Flick through the pages of any luxurious interior magazine and you’ll be struck by breathtakingly designed elegant rooms, iconic statement furniture, divine artworks, svelte bedrooms with tantalising fabrics and textures, and streamlined kitchens with shiny saucepans hanging from the ceiling, abundant fruit bowls and designer kettles on the otherwise clear worksurfaces.
These spaces are always swept clean, dusted, hoovered, manicured and presented to an inch of their lives. Even in the interiors that are actually people’s (sophisticated design types’) homes, there are no toppling piles of papers that need dealing with or filing, no coats hanging on the back of chairs, no receipts abandoned on the floor, no coffee tables with notebooks and ashtrays and bottles, no piles of paperclips and pins and random plastic attachments that might be useful, no discarded envelopes, no hammers and glue guns, no piles of Playstation games and instruction booklets, and no boxes or corners filled with items for Oxfam. No life stuff, in short.
This, I charge you, is the challenge for any home dweller, dealing with the melee of everyday life that is never represented in the design inspiration pages. That’s why these spaces look so darn good! Keeping an interior spick and span is frankly hard work. Having a cleaner helps if you can afford it, but do we expect cleaners to make decisions about abandoned buttons, rusty nails, broken blinds and piles of small change? There is indeed an ever-present compulsion to clean up before the nominated cleaner arrives, otherwise they can’t get to the bits that need cleaning.
Keeping this under control is about making decisions, but it’s also about planning and logistics (selling unwanted items, transport, commissioning helpers with physical strength) and DIY skills (dripping taps, regrouting, applying fresh paint and remembering to wash the brushes out after use). And what about when it cranks up several notches and you have to sort out someone else’s home, which is packed with objects with nostalgic memories. The result? More boxes in the spare room waiting for attention, dismantled beds leaning against walls, a pistol gun flint lighter that has lost its spark, and a battered copy of Mrs Beeton’s Book of Household Management that belonged to your great grandmother on the hallway shelf, with its spine long gone.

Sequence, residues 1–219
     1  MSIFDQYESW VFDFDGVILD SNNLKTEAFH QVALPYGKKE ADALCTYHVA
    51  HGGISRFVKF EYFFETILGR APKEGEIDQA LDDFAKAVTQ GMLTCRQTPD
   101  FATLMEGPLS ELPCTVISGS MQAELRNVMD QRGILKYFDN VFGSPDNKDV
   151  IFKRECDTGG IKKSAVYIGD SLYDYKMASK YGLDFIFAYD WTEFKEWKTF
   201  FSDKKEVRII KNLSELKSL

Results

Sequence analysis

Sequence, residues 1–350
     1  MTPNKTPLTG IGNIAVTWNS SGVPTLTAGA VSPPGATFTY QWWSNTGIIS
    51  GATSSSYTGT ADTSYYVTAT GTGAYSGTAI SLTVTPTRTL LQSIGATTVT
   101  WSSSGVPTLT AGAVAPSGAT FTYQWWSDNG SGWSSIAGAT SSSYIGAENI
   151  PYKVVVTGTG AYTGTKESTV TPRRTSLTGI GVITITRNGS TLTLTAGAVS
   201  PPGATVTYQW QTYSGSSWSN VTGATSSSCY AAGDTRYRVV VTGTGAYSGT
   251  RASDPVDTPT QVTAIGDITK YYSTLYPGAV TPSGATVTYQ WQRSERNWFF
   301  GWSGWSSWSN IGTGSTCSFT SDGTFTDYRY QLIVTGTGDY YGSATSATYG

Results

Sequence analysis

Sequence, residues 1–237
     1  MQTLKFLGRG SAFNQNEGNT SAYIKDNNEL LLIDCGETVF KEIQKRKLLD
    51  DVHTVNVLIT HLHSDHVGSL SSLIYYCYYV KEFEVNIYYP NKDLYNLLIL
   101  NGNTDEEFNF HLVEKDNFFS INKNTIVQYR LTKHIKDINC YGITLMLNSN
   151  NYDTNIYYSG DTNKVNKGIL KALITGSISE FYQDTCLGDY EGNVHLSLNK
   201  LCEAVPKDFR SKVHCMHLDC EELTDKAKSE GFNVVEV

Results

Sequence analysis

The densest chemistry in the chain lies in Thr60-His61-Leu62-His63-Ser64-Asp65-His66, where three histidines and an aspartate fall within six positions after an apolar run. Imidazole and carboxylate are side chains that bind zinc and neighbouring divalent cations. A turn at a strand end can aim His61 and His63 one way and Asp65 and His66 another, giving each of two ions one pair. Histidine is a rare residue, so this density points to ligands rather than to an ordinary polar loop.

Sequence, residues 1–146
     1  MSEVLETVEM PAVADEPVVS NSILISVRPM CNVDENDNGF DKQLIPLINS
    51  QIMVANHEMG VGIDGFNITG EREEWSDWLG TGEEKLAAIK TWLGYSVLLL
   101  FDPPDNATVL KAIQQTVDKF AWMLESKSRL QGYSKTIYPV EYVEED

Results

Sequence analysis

Aside from heritage management duties, most of us can drift along with a bit of sorting and admin at key points in the week, but when wanting to sell your home, the pressure is on to stage your interior and infuse it with House & Garden glamour. In this scenario, it is in the pre-staging (also called sorting) that you need to be dramatic.
As you sort, you need three categories: charity, sell and throw out. The throw out is the easiest; the charity and the sell both require sustained and dedicated planning and then action. If you struggle with clear decisions on these, a successful tactic is to use a surface (such as a table) and put all the random life stuff on it from the room in question and then summon all members of your family together to make decisions about it (where it belongs or if it’s needed). It’s a great way of clearing but you have to insist on familial cooperation. (And it can only be done one room at a time because of their generally short attention span.) More practical approaches are to make or reallocate deep shelves or repurpose a cabinet for storing the unsightly piles that are indispensable, thereby clearing the dining table, and train yourself and your family to put things back where they belong. This is the hardest job of all.
In conclusion, it’s best to forgo Vintage Chic, Industrial, Scandinavian and Rustic at this early stage, and embrace Swept Clean surfaces and floors. Only then can you get the cleaners and the DIY team in.